The Confessions of Bill

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William J. Clinton Presidential Library
Taylor Branch and President Clinton in the Oval Office, October 20, 1993; 
from The Clinton Tapes

In the fall of 1993, Taylor Branch agreed with Bill Clinton to conduct occasional interviews on tapes that would be turned into an oral chronicle of the Clinton presidency. The two had been friends more than twenty years earlier in Texas on the McGovern presidential campaign of 1972. Branch, in more recent years, had published the first volume of his trilogy on Martin Luther King and the civil rights movement, and was in the middle of writing the second; the tapes, for him, would be an interruption of planned work, whereas for Clinton they promised to be a flattering record of work in progress. This inequality was balanced by the fact that Branch liked the idea of seeing the President close-up. The two resumed their friendship with ease, and, between October 1993 and March 2001, produced the seventy-nine interviews of which the present book offers a digest.

The arrangement was peculiar in one respect. Clinton kept the tapes, while Branch had to dictate impressions on tapes of his own as he drove back to Baltimore from each visit to the White House. Clinton used the originals to assist in the writing of his memoirs; at some future date, they will probably be open to scholars. This set-up means that Branch’s chronicle has not a single extended quotation of Bill Clinton. A sentence every two or three pages is what we get, surrounded by dutiful and often undistinguished paragraphs of summary. Still, Branch has eyes and ears. When he can pause long enough to violate a self-denying ordinance, he also has considerable powers of analysis. Yet an unsuspecting confidence is the pervasive tone—a trust that appears to have continued beyond recorded conversations. Branch sent proofs of the book to Clinton and invited him to suggest nonsubstantive revisions.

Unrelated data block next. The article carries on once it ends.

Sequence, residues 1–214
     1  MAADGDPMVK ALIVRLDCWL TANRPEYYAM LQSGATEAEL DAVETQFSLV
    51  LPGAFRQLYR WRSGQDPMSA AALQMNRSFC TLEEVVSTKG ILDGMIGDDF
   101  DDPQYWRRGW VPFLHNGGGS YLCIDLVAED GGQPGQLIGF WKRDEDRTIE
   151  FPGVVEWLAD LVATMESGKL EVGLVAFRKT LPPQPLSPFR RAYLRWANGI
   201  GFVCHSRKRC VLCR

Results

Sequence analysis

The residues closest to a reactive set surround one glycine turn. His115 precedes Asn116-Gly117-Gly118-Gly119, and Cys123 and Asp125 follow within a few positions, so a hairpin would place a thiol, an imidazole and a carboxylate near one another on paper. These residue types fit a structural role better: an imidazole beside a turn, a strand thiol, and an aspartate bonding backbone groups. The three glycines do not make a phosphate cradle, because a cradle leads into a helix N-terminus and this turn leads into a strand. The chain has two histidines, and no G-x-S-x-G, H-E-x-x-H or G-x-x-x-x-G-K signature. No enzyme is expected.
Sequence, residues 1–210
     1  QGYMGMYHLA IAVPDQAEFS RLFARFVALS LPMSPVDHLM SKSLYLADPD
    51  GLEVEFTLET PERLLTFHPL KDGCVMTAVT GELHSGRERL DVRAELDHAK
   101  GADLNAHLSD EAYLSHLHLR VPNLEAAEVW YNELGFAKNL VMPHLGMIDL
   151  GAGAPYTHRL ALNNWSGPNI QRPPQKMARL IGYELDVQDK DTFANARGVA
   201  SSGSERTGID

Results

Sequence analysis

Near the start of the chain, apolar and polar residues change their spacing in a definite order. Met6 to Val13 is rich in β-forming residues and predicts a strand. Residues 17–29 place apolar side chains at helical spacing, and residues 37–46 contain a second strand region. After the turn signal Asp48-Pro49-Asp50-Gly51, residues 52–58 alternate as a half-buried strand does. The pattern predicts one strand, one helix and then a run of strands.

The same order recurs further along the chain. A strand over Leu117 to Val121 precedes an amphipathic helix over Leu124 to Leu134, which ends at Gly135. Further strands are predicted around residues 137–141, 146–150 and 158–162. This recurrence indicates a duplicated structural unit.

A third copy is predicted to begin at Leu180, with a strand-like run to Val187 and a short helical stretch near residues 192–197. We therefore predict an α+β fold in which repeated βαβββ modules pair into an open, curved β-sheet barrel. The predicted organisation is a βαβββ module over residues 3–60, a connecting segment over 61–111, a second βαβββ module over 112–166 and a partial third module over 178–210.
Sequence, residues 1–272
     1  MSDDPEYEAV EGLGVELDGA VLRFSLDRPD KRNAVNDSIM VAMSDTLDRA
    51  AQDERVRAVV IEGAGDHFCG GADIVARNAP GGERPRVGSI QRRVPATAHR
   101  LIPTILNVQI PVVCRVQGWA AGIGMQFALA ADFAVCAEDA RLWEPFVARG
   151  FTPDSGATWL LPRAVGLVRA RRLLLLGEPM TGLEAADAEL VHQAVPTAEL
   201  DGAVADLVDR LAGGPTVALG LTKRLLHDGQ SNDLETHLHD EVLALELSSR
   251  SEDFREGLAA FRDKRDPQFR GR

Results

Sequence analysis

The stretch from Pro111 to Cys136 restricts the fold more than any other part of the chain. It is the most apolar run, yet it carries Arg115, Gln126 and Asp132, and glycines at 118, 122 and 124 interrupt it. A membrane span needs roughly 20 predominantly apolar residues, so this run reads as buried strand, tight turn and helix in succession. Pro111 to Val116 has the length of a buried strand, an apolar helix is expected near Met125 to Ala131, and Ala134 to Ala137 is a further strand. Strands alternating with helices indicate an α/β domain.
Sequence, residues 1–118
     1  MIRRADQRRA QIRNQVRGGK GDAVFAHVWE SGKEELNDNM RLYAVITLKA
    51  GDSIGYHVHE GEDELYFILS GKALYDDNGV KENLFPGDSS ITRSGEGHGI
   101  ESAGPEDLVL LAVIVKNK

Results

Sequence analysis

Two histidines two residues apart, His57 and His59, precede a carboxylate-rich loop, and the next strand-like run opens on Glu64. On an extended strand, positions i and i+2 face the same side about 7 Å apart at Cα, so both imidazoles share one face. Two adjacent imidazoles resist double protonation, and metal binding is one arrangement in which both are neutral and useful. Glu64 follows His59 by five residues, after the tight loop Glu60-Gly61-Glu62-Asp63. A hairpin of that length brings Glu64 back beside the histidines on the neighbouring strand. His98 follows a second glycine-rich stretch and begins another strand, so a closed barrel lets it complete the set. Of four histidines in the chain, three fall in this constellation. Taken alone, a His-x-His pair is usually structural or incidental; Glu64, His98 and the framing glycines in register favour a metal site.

The sprawling summary that makes up The Clinton Tapes follows Clinton’s train of associations. One conse-quence of Branch’s starting well into Clinton’s first year in office is a foreshortened view of the defeat of the President’s first project, the legalization of gays in the military, and a minimal treatment of the launching of his second, the initiative to convert the country to a plan of universal health care. The choice of the gay issue as the first of this presidency was improbable in a way Branch does not quite seem to grasp. Though an obvious next step in toleration, it was sure to be controversial, and remote from the centrist spirit in which Clinton had run his campaign. It could be relied on to bring back the acrimonious battles of the 1980s.

David Mixner and other leaders of the gay community had advised him against taking up the cause so early. Clinton drove ahead in spite of their advice, and gave a taste of victory to enemies who would prove relentless. There would be other casualties from …

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